A Daily Diary Study of Executive Functions, Coping, and Mood Among Low-Income Latino Adolescents

Jaclyn Lennon Papadakis*, Anne K. Fuller, Stephanie K. Brewer, Rebecca L. Silton, Catherine De Carlo Santiago

*Corresponding author for this work

Research output: Contribution to journalArticlepeer-review

3 Scopus citations

Abstract

This study used daily diary methodology to examine the association between executive functions and daily mood, as mediated by daily coping, among low-income Latino adolescents. Fifty-eight middle school students (53% male, (Formula presented.) = 13.31 years, 95% Latino) completed baseline measures assessing demographic characteristics and executive functions (working memory, inhibition, shifting). They subsequently completed seven consecutive daily diaries assessing daily coping (engagement, disengagement) and mood (positive, negative). Results revealed two significant mediation models: daily disengagement coping partially mediated the association between working memory and daily negative mood; daily disengagement coping partially mediated the association between inhibition and daily negative mood. Mediation models including shifting and engagement coping were not significant. Findings suggest that adolescents with poorer working memory and poorer inhibition may rely on maladaptive coping strategies, which can impact mood. Clinical implications and recommendations for future research are discussed.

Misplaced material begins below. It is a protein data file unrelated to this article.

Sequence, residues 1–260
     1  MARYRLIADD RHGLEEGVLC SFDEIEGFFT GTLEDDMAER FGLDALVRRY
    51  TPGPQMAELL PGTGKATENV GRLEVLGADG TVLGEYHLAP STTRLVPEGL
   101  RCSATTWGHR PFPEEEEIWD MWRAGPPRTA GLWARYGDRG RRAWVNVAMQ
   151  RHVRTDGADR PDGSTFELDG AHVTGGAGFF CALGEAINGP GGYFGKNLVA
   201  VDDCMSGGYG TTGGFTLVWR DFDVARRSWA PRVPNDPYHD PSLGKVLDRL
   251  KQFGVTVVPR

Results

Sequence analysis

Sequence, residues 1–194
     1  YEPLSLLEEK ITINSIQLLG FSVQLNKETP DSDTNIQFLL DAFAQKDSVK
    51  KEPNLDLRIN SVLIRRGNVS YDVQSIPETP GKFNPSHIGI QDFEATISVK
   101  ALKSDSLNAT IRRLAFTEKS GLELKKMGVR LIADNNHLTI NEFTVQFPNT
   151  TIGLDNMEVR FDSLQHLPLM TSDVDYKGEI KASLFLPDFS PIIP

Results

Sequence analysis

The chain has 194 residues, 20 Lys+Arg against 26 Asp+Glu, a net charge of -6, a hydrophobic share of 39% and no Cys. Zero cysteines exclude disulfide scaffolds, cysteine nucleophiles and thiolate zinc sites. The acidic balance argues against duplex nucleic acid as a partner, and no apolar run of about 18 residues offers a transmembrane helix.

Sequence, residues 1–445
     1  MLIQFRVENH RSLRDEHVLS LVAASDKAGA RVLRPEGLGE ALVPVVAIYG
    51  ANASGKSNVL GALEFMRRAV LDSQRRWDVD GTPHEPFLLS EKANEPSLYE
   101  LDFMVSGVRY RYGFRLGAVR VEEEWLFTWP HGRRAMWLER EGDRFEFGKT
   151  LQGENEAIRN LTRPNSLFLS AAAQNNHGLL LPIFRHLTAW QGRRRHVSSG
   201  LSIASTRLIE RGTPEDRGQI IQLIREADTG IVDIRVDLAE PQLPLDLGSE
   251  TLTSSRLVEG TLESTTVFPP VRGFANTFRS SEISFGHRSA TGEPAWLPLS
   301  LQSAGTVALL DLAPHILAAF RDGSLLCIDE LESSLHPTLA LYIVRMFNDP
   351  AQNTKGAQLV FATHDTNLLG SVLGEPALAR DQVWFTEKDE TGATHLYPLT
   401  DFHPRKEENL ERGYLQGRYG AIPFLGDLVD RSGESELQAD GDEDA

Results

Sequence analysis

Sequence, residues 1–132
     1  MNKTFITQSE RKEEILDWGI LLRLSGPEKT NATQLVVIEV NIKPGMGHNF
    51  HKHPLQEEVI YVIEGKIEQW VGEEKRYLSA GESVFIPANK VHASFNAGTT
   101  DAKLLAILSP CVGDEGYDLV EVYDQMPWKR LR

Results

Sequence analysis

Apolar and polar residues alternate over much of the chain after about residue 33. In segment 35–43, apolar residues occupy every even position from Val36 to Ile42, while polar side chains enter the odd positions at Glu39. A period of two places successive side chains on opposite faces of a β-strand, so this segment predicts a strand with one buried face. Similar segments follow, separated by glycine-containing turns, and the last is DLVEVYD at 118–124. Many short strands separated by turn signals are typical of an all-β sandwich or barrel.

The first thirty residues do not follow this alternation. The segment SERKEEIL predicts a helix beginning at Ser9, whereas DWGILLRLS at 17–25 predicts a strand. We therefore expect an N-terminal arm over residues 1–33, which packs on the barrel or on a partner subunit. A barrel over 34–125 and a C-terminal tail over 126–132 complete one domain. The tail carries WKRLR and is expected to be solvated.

Original languageEnglish (US)
Pages (from-to)824-848
Number of pages25
JournalJournal of Early Adolescence
Volume38
Issue number6
DOIs
StatePublished - Jun 1 2018
Externally publishedYes

Keywords

  • Latino
  • affect
  • cognitive development
  • coping
  • critical thinking
  • emotions
  • low income
  • mood Hispanic
  • reasoning

ASJC Scopus subject areas

  • Developmental and Educational Psychology
  • Social Sciences (miscellaneous)
  • Sociology and Political Science
  • Life-span and Life-course Studies

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